“If you look on a country level, Wales has suspended new road building projects because they recognise the need to rethink their approach to infrastructure,” says Dominik Härtl, head of business development at Hardt. “That’s unique, but it’s quite an important step. Then you see countries such as France, Germany and Spain wanting to ban short-haul flights, and cities around the world writing hyperloop into their long-term plans.”
It’s a lot closer than almost everybody thinks. We could see proof of a passenger-usable hyperloop by 2026
Härtl reckons hyperloop has the potential to inspire a reimagining of our cities – how we commute, how we plan, how we develop – for the future. Linking Amsterdam, The Hague, and Rotterdam – and looping in local areas, too – would put 25 million people within an hour of each other.
But from Gavin Bailey, head of sustainable future transport at consultancy Eunomia, our headlong rush to equate speed with progress prompts a note of caution.
Says Bailey: “Eurostar spent an awful lot of money reducing its journey time by 20 minutes, only to find people don’t care so much about how quick the mode of transport is. What matters is how productive or how disruptive that mode is to what they’d rather be doing.”
Bailey concedes that freight-based hyperloop likely has a role to play in future transport networks. However, he says that its high energy usage, along with the environmental cost of construction, cast its much trumpeted green credentials into shade.
“It’s only as green as the electricity source,” he says. “High speed rail can already transport large numbers of people quickly, cleanly and efficiently in a pleasant environment.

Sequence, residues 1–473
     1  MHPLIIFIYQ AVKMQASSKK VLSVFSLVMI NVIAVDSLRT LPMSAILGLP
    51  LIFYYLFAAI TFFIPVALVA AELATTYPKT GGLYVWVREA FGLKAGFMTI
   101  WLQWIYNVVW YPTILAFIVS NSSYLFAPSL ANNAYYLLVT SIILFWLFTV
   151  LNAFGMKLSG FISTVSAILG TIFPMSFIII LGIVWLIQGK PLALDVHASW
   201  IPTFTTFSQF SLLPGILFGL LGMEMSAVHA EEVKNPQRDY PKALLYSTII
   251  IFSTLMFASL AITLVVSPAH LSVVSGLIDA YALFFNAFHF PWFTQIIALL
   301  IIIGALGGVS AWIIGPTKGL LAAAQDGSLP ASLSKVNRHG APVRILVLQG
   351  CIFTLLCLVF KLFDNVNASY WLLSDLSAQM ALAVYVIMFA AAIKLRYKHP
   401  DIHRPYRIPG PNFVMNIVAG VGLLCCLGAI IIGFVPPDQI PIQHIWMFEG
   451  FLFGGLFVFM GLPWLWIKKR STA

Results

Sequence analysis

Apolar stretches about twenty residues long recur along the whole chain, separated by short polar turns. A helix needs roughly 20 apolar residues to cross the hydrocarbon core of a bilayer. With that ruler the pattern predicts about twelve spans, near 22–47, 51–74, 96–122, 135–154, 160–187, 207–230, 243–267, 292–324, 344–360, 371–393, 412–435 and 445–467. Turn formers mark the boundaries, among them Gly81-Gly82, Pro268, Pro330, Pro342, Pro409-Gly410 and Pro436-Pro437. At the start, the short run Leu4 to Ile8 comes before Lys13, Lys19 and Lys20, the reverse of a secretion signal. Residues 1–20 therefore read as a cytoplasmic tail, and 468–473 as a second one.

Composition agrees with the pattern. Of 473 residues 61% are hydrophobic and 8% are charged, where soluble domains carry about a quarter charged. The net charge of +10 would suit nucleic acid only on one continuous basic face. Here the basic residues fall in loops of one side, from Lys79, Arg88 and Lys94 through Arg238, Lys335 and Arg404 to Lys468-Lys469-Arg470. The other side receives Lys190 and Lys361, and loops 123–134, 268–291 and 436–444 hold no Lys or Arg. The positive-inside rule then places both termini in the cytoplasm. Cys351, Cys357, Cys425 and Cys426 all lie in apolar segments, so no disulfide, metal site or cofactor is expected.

“Hyperloop is a futuristic, sexy technology – but maybe not one that is needed. We should be moving people towards thinking about their travel choices and how sustainable they are – we certainly don’t need another forbidden fruit to throw into the mix.”
Cities around the world are writing hyperloop into their long-term plans
Bailey could have a point. Although February saw over 50 cities and regions from 15 European countries take part in the Hyperconnected Europe initiative – set up to explore the potential for a future European hyperloop network – Virgin Hyperloop has scaled back its own plans and laid off staff.
After reaping headlines with its passenger test run, Virgin said last month that global supply chain issues meant it would focus on transporting cargo rather than people, with a freight system requiring less regulatory and safety red tape.
Perhaps for now, we’ll all have to wait a little longer.
Main image: Virgin Hyperloop